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STATUS OF RESEARCH PROBLEMS.

Author: A B F Duncan; ROCHESTER UNIV N Y.
Publisher: Ft. Belvoir Defense Technical Information Center 01 JAN 1966.
Edition/Format:   Book : EnglishView all editions and formats
Database:WorldCat
Summary:
Absorption of Benzene in the 2000 A Region: Systematic measurements of absorption at an extensive series of pressures and temperatures showed a new resolved vibrational transition ((1 yields 0) in absorption) from a first vibrational level of the ground state to the zero vibrational level of the second excited state. Systematic study of C6D6 under the same conditions showed an analogous transition. The new (1 yields  Read more...
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Document Type: Book
All Authors / Contributors: A B F Duncan; ROCHESTER UNIV N Y.
OCLC Number: 227395473
Notes: See also AD-620 425.
Description: 2 p.

Abstract:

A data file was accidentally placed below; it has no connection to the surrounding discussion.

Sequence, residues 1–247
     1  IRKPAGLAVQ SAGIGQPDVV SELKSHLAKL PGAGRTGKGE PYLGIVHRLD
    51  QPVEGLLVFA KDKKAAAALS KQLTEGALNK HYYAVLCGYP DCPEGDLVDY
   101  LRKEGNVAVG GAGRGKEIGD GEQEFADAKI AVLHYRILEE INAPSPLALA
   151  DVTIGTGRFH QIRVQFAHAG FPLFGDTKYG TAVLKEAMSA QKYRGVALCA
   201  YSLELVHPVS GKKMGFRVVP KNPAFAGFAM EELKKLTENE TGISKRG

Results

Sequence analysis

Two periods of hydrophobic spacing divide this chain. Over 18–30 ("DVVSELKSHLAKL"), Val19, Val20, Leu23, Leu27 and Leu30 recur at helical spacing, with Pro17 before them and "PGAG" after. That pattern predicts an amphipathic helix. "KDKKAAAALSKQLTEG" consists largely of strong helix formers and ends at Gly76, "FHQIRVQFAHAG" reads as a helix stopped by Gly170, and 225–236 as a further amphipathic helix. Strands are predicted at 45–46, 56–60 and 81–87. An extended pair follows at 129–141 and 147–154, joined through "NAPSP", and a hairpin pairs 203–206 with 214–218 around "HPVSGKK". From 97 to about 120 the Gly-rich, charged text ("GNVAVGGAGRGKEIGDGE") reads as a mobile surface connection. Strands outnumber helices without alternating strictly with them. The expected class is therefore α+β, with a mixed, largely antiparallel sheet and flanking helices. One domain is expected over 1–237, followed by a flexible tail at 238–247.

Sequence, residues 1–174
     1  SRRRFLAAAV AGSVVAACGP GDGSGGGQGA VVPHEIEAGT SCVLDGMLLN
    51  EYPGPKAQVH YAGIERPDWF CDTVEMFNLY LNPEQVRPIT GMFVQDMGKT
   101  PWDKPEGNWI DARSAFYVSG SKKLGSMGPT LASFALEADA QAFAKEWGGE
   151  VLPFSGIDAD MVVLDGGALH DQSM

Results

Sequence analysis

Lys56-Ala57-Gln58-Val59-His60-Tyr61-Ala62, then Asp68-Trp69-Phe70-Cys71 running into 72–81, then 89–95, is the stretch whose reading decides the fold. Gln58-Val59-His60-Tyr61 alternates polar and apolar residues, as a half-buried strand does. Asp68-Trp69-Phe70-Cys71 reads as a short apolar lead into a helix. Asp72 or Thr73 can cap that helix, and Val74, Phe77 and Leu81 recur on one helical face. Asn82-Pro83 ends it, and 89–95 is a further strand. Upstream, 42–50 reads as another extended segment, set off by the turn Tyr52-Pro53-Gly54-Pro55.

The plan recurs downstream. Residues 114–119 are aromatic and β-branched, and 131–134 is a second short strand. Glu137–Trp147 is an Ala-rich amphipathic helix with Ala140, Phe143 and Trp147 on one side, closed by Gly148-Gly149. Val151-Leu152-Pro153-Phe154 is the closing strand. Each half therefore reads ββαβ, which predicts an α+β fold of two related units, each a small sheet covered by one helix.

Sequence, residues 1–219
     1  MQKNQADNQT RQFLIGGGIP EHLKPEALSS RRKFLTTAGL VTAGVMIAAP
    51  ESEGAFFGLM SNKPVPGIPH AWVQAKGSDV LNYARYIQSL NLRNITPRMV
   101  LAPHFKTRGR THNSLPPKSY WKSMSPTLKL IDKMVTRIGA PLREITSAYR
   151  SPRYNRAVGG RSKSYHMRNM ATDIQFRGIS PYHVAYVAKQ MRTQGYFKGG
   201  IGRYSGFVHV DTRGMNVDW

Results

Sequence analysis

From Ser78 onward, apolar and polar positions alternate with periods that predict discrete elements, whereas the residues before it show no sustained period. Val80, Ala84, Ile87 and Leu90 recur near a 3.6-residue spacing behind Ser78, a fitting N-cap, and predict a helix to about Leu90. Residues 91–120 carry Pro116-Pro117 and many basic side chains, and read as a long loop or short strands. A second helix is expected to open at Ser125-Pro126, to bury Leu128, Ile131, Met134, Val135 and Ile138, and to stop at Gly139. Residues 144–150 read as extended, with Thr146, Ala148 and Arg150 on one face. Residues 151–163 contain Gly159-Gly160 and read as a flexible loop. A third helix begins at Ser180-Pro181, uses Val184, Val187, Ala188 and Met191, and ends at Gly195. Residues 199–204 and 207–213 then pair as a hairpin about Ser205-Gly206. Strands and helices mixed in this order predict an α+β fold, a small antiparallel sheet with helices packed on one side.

Absorption of Benzene in the 2000 A Region: Systematic measurements of absorption at an extensive series of pressures and temperatures showed a new resolved vibrational transition ((1 yields 0) in absorption) from a first vibrational level of the ground state to the zero vibrational level of the second excited state. Systematic study of C6D6 under the same conditions showed an analogous transition. The new (1 yields 0) transition is significant in relation to interpretation of the electronic transition responsible for absorption in this region and the nature of the excited electronic state. Slight photochemical decomposition of C6H6 and C6D6 occurs after continued exposure to the hydrogen continuum used as background source. Decomposition is eliminated or greatly reduced by interposing a thin film of liquid water between the source and absorption cell, which removes radiation near 1850 A responsible for the photochemical reaction. Lifetime of the First Excited State of SO2: Further attempts were made to obtain uncontaminated spectra of SO2 with an electrodeless discharge from a Tesla coil, but at pressures one mm. the impurity (decomposition) spectra were more intense than the SO2 spectrum. Measurements of the lifetime of decay of fluorescence were made. Below one mm pressure, an apparent value about 20 microseconds was found. This value was independent of the pressure in this range and independent of wavelength.

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